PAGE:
you simply can't generalize based on bitrates and comparing across cameras based on bitrates is next to useless since they don't al use the same codec pipeline or sensor sampling.


Quote
That may be because there are  a lot more Canons in use, but the fs700 is clearly a specialized tool for filming at ridiculous frame rates, without having to pay $20k+.  If you aren't going to use the hyperframe rates,  it's a woefully priced camera. 
I'm not sure I agree. The FS700 is also getting updated to shoot 4K and produces superb 1080p footage at the standard frame rates. the 5DII/III just can't capture that much true 1080p detail. So there are plenty of uses for that camera in addition to slow motion. The only canon body that matches the quality of FS700 is the C line 15K dollar canon. Look over eoshd.com's blog. He's a fan of the FS100 precisely because of the superior detail at normal framerates and the 700 just improves on that.

I'm considering getting the FS700 once prices come down a bit. the inability of DSLRs to capture true 1080p and doing so at higher frame rates still ways out.
« Last Edit: June 20, 2012, 08:16:26 PM by psolberg »

HurtinMinorKey

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Re: FS700
« Reply #5 on: June 08, 2012, 11:58:43 AM »
I agree, you need to compare apples to apples when it comes to codecs(inter to inter, intra to intra).  Intra is almost always worse, and only shines under some very special circumstances, because you are restricting compression across frames.

I agree that the 5dmkiii isn't true 1080, but let's not pretend that the fs700, or the d800 are either. Recording true 1080, in 24bit color, approaches something like 1.2 Gbps.  Even with good compression, you can't record at a 50to1 ratio and expect to resurrect true 1080 detail. 

Honestly, from what I've seen, I don't see a huge improvement in detail in the fs700 over the 100. That being said, the fs100 seems to be the consensus "best bang for your buck" video solution in that price range.  Personally, I'm still waiting for the affordable super-35 sensor cam that actually does something close to true 1080p. The most promising thing I've seen in development is the Kineraw.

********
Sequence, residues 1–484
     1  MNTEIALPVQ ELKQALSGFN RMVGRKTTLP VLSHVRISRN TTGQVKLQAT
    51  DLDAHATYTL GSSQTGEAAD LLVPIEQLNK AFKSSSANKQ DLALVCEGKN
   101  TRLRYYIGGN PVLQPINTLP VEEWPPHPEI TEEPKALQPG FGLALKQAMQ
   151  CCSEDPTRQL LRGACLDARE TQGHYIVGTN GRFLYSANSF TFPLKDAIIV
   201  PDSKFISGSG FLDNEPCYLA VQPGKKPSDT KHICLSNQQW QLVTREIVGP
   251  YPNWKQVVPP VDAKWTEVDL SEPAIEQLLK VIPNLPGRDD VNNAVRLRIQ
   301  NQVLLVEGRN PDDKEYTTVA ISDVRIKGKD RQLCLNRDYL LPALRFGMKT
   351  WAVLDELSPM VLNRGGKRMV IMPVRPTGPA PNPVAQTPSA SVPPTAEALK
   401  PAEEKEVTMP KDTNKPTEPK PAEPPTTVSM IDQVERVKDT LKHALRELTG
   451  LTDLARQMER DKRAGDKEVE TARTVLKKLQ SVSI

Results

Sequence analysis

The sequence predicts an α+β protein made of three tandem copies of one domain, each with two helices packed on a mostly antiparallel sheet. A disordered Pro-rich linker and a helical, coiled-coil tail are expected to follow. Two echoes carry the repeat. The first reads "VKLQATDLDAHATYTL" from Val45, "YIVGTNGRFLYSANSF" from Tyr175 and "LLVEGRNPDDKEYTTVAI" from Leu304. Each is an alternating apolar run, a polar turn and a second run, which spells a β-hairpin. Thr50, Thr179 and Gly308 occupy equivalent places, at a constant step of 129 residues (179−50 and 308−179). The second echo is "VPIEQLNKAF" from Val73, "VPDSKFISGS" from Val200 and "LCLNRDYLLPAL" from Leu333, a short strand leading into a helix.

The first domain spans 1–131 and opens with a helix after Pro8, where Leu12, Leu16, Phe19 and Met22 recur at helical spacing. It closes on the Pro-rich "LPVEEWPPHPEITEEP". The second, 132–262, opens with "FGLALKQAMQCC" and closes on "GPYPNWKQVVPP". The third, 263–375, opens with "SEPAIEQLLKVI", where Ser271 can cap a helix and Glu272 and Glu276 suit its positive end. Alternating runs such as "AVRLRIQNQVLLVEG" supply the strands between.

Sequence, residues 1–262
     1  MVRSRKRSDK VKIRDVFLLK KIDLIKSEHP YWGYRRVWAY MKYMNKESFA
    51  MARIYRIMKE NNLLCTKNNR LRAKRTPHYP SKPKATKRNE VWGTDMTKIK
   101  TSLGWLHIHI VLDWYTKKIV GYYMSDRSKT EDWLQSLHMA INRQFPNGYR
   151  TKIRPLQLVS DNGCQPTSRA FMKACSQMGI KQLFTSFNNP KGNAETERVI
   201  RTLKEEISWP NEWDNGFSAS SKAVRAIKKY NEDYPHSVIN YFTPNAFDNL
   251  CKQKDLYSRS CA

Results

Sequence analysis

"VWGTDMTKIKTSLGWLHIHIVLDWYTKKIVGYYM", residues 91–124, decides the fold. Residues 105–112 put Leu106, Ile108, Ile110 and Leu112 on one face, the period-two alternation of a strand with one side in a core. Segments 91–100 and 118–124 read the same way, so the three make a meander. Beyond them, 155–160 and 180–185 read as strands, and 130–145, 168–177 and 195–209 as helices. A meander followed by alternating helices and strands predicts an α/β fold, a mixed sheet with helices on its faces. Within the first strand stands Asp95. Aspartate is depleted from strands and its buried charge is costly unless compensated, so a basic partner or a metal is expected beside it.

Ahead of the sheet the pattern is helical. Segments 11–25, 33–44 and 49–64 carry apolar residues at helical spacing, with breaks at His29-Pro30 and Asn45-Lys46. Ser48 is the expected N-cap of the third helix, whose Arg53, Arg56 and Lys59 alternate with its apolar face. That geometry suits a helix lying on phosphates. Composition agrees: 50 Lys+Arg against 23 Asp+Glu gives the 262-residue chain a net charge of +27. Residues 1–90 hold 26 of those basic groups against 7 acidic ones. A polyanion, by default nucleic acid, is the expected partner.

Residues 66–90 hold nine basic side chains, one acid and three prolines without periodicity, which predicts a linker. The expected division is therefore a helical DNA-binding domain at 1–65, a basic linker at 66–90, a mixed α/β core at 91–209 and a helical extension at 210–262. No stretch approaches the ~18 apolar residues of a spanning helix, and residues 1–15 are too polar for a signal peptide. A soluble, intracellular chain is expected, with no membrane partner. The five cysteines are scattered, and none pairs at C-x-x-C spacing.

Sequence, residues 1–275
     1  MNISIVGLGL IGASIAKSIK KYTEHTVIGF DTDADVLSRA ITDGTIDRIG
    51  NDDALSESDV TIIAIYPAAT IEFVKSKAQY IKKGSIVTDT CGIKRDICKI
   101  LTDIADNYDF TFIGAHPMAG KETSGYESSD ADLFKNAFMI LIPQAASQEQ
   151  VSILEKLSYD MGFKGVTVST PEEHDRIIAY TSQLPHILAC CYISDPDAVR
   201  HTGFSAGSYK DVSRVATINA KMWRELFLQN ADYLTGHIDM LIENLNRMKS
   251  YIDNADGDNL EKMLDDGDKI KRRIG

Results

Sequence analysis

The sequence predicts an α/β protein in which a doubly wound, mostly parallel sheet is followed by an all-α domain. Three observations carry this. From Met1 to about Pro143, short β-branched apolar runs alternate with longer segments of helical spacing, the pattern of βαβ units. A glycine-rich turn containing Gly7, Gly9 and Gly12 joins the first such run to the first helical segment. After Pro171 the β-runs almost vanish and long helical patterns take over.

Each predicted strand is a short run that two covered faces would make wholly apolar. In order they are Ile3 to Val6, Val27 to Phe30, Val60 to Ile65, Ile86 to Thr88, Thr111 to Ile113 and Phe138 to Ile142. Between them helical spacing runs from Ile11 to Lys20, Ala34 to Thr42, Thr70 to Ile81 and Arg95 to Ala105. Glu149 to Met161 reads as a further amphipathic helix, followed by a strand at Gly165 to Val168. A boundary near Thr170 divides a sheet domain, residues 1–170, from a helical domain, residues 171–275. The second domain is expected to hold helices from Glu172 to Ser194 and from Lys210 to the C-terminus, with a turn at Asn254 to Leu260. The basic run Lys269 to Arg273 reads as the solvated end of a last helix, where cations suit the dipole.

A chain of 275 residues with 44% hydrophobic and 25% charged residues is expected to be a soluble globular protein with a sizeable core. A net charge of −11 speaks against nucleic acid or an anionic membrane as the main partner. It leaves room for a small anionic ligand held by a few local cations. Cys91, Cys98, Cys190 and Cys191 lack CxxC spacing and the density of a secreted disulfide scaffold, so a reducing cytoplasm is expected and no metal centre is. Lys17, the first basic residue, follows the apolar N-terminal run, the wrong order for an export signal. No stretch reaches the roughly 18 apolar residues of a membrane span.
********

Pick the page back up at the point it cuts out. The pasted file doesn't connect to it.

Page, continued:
psolberg

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Re: FS700
« Reply #6 on: June 20, 2012, 08:23:37 PM »
I agree, you need to compare apples to apples when it comes to codecs(inter to inter, intra to intra).  Intra is almost always worse, and only shines under some very special circumstances, because you are restricting compression across frames.

I agree that the 5dmkiii isn't true 1080, but let's not pretend that the fs700, or the d800 are either. Recording true 1080, in 24bit color, approaches something like 1.2 Gbps.  Even with good compression, you can't record at a 50to1 ratio and expect to resurrect true 1080 detail. 

Honestly, from what I've seen, I don't see a huge improvement in detail in the fs700 over the 100. That being said, the fs100 seems to be the consensus "best bang for your buck" video solution in that price range.  Personally, I'm still waiting for the affordable super-35 sensor cam that actually does something close to true 1080p. The most promising thing I've seen in development is the Kineraw.

the D800 does not capture full HD either, and I've used one long enough to know that for sure. It looks a little better and sharpens better than the 5DmkIII specially sing the uncompresssed 4:2:2 out and recording to pro-rest at over 200mbps. but ultimately, still looks terrible compared to a resized still image.  Footage from the fs700 looks more like a set of stills and it is about as close to 1080p as the Cinema canon line is. but yeah, I think it may not be trully 1080p either. just very close.

My hope is that 2K and 4K video will allow us to do the downsampling to 1080p in our workstations to see if we can finally get better 1080P footage. This is the reason I'm keepin an eye on the FS700's alleged update that will alow it to shoot 4K. Even 2K scaled down would be leaps and bounds ahead of any dslr ouput.
« Last Edit: June 20, 2012, 08:25:57 PM by psolberg »

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Re: FS700
« Reply #6 on: June 20, 2012, 08:23:37 PM »